Government censorship growing rapidly
"Government censorship of the web is growing rapidly: from the outright blocking and filtering of sites, to court orders limiting access to information and legislation forcing companies to self-censor content," said Drummond.
"So it's no surprise that Google, like other technology and telecommunications companies, regularly receives demands from government agencies to remove content from our services."
In a separate blog post, Google vice president of public affairs, Rachel Whetstone, said: "Increased government censorship of the web is undoubtedly driven by the fact that record numbers of people now have access to the internet, and that they are creating more content than ever before,"
"This creates big challenges for governments used to controlling traditional print and broadcast media."
10 nation letter
The launch of the Government Requests tool came on the same day that officials from 10 nations sent a letter to Google's chief executive demanding that the California firm better defend people's privacy.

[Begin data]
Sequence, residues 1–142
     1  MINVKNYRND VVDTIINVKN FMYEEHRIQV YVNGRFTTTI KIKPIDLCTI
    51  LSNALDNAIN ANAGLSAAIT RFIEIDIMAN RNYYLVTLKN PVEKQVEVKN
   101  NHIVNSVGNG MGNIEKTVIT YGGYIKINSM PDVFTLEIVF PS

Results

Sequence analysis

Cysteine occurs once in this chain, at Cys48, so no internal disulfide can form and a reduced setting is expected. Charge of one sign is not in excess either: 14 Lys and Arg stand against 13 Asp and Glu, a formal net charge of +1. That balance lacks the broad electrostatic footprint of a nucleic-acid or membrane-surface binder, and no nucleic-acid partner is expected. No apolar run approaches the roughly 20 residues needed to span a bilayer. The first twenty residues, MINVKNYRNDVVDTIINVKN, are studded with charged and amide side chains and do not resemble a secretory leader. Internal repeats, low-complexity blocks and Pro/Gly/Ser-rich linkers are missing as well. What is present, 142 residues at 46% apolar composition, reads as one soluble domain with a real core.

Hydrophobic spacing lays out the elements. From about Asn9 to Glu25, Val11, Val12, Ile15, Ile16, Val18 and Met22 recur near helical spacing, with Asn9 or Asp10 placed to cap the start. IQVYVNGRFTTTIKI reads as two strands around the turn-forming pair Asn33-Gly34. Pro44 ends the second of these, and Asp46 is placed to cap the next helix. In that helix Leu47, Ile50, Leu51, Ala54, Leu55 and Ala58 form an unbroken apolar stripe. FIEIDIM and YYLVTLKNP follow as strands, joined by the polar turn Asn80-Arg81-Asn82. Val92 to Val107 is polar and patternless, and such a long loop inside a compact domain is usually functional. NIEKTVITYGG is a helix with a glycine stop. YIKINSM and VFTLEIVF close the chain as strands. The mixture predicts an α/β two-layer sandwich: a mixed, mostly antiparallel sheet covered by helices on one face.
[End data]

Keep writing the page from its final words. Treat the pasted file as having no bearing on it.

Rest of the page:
Canada's privacy commissioner Jennifer Stoddart said a collaboration of countries representing a total of 375 million people were "speaking with a common voice" to remind internet firms to obey each nation's privacy laws.
The letter was also signed by data protection officials from Britain, France, Germany, Ireland, Israel, Italy, the Netherlands, New Zealand and Spain.
"We are increasingly concerned that, too often, the privacy rights of the world's citizens are being forgotten as Google rolls out new technological applications," the letter stated.
The letter urges Google to set a worthy privacy example for other online firms.
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